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Establishing a Monetary Union

  • Russell Cooper
  • Hubert Kempf

This paper explores the gains to monetary union. We consider a two-country overlapping generations model. Agents work when young and have random tastes over the composition (domestic vs. foreign goods) of old age consumption. In equilibrium, governments require that local currency be used for transactions as a means of creating a base for seignorage. Thus agents hold multiple currencies to deal with uncertainty in their optimal consumption bundles. We argue that this equilibrium is Pareto dominated by a monetary union, in which there is a single currency and a strong central bank that optimally chooses zero inflation. As suggested by the European Commission's 1990 report, monetary union reduces the inefficiencies created by multiple currencies and leads to price stability. Finally, we argue this Pareto superior outcome cannot be achieved without cooperation of the two governments.

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Paper provided by Boston University, Institute for Economic Development in its series Boston University - Institute for Economic Development with number 88.

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Date of creation: Aug 1998
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Handle: RePEc:fth:bosecd:88
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  1. Lucas, Robert Jr., 1990. "Liquidity and interest rates," Journal of Economic Theory, Elsevier, vol. 50(2), pages 237-264, April.
  2. Canzoneri, Matthew B & Rogers, Carol Ann, 1990. "Is the European Community an Optimal Currency Area? Optimal Taxation versus the Cost of Multiple Currencies," American Economic Review, American Economic Association, vol. 80(3), pages 419-33, June.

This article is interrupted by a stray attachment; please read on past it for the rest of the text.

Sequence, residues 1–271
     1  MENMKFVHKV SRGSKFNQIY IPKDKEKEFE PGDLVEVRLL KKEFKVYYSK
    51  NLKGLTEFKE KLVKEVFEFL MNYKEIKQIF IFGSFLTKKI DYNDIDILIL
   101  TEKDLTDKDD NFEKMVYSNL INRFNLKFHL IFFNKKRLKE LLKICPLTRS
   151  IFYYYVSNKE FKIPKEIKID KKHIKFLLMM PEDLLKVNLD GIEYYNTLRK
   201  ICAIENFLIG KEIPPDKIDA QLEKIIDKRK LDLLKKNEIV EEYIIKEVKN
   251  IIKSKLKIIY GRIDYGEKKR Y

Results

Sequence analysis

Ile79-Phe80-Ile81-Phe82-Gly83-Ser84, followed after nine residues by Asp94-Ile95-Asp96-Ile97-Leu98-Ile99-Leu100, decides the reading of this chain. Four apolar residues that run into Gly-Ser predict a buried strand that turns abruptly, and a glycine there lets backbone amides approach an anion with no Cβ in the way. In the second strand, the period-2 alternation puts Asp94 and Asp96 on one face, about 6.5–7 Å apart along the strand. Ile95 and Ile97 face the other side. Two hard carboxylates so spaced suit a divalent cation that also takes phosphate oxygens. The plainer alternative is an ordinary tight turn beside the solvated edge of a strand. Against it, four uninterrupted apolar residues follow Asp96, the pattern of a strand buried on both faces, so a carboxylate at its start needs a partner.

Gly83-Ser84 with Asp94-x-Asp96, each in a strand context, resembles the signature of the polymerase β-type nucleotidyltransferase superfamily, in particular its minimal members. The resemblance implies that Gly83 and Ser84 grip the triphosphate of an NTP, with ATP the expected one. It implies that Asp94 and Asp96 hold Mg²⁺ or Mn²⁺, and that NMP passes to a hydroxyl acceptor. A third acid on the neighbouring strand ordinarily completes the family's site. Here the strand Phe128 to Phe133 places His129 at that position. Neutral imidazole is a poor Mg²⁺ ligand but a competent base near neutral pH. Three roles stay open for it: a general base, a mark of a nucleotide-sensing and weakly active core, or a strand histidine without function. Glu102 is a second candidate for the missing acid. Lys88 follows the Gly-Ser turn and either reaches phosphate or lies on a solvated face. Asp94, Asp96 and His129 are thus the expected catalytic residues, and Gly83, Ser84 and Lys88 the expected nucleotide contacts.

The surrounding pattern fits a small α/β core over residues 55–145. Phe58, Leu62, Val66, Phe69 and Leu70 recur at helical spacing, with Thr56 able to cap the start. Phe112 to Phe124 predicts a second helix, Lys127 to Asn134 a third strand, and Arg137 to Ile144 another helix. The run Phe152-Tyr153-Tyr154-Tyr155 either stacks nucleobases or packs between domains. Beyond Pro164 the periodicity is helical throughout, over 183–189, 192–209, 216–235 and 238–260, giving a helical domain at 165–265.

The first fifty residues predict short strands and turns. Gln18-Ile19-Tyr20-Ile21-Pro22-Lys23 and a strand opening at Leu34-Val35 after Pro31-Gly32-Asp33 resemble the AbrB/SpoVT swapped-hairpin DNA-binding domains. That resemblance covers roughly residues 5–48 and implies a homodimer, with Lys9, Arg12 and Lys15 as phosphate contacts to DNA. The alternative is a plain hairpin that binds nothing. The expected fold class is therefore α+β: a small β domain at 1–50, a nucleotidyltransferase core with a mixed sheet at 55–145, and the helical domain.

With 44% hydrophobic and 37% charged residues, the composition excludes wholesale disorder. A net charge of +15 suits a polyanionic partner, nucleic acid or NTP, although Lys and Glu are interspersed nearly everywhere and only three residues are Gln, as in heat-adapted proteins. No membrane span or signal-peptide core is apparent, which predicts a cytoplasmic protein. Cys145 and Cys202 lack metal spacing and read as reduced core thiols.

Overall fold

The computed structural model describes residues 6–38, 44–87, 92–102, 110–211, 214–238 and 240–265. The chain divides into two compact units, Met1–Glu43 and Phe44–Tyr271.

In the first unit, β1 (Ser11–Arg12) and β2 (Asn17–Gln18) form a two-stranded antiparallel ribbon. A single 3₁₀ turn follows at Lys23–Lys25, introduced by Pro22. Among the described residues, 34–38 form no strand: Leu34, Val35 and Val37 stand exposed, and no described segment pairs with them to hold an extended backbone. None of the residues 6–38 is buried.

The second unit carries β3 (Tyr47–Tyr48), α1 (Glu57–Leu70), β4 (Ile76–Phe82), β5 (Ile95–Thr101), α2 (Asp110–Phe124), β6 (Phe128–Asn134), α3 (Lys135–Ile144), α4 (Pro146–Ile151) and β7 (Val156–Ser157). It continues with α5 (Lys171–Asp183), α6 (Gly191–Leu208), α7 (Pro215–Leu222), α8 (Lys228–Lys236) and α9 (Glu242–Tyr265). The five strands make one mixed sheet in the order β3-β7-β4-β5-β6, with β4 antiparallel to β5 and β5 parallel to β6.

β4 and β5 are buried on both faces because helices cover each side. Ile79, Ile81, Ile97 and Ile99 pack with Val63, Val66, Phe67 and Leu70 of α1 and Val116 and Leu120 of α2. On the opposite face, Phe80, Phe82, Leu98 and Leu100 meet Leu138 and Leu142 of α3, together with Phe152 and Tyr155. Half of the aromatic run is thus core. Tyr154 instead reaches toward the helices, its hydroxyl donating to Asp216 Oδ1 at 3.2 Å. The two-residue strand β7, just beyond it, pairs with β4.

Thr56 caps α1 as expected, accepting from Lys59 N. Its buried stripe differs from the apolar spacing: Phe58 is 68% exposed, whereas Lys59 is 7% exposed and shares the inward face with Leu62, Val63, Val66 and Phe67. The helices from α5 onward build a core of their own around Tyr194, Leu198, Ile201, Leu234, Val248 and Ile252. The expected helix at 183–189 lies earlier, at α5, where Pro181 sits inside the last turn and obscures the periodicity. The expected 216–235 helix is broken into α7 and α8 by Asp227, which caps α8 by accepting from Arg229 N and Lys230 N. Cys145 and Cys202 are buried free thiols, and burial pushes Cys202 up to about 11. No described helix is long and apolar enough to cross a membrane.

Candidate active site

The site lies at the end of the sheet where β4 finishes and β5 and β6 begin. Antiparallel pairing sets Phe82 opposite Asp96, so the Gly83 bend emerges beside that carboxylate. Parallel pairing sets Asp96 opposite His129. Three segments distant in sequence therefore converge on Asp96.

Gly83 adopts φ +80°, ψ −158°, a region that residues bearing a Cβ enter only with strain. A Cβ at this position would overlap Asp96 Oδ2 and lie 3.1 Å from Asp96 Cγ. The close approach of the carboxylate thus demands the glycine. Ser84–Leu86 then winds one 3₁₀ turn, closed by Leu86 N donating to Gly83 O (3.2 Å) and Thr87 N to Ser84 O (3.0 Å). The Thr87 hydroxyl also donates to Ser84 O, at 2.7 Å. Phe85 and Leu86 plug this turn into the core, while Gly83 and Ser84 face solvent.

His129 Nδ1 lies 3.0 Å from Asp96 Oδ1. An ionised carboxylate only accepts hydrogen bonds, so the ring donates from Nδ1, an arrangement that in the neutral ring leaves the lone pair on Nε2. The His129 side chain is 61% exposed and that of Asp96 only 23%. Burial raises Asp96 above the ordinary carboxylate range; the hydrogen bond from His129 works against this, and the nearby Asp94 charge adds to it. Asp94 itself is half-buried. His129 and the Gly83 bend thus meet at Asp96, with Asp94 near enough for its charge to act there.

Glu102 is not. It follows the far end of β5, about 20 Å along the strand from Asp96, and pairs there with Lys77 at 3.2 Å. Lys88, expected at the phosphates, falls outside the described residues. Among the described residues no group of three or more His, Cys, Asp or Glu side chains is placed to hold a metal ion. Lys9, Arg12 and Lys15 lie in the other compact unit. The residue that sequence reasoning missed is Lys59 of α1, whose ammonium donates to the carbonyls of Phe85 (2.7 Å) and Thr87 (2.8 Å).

3. Wyplosz, Charles, 1997. "EMU: Why and How It Might Happen," CEPR Discussion Papers 1685, C.E.P.R. Discussion Papers.
  4. Casella, Alessandra & Feinstein, Jonathan, 1988. "Management of a Common Currency," Department of Economics, Working Paper Series qt5jv1h7nt, Department of Economics, Institute for Business and Economic Research, UC Berkeley.
  5. Aizenman, Joshua, 1992. "Competitive Externalities and the Optimal Seigniorage," Journal of Money, Credit and Banking, Blackwell Publishing, vol. 24(1), pages 61-71, February.
  6. Robert P. Inman & Daniel L. Rubinfeld, 1997. "Rethinking Federalism," Journal of Economic Perspectives, American Economic Association, vol. 11(4), pages 43-64, Fall.
  7. Krugman, P., 1993. "What Do We Need to Know About the International Monetary System?," Princeton Studies in International Economics 190, International Economics Section, Departement of Economics Princeton University,.
  8. Bryant, John & Wallace, Neil, 1984. "A Price Discrimination Analysis of Monetary Policy," Review of Economic Studies, Wiley Blackwell, vol. 51(2), pages 279-88, April.
  9. Lawrence J. Christiano & Martin Eichenbaum, 1992. "Liquidity effects and the monetary transmission mechanism," Staff Report 150, Federal Reserve Bank of Minneapolis.
  10. Maurice Obstfeld, 1999. "Open-Economy Macroeconomics, Developments in Theory and Policy," NBER Working Papers 6319, National Bureau of Economic Research, Inc.
  11. Fuerst, Timothy S., 1992. "Liquidity, loanable funds, and real activity," Journal of Monetary Economics, Elsevier, vol. 29(1), pages 3-24, February.
  12. V. V. Chari & Patrick J. Kehoe, 1998. "On the need for fiscal constraints in a monetary union," Working Papers 589, Federal Reserve Bank of Minneapolis.
  13. Sibert, Anne, 1992. "Government finance in a common currency area," Journal of International Money and Finance, Elsevier, vol. 11(6), pages 567-578, December.
  14. Kareken, John & Wallace, Neil, 1981. "On the Indeterminacy of Equilibrium Exchange Rates," The Quarterly Journal of Economics, MIT Press, vol. 96(2), pages 207-22, May.
  15. Fischer, Stanley, 1982. "Seigniorage and the Case for a National Money," Journal of Political Economy, University of Chicago Press, vol. 90(2), pages 295-313, April.
  16. Canzoneri, Matthew B., 1989. "Adverse incentives in the taxation of foreigners," Journal of International Economics, Elsevier, vol. 27(3-4), pages 283-297, November.
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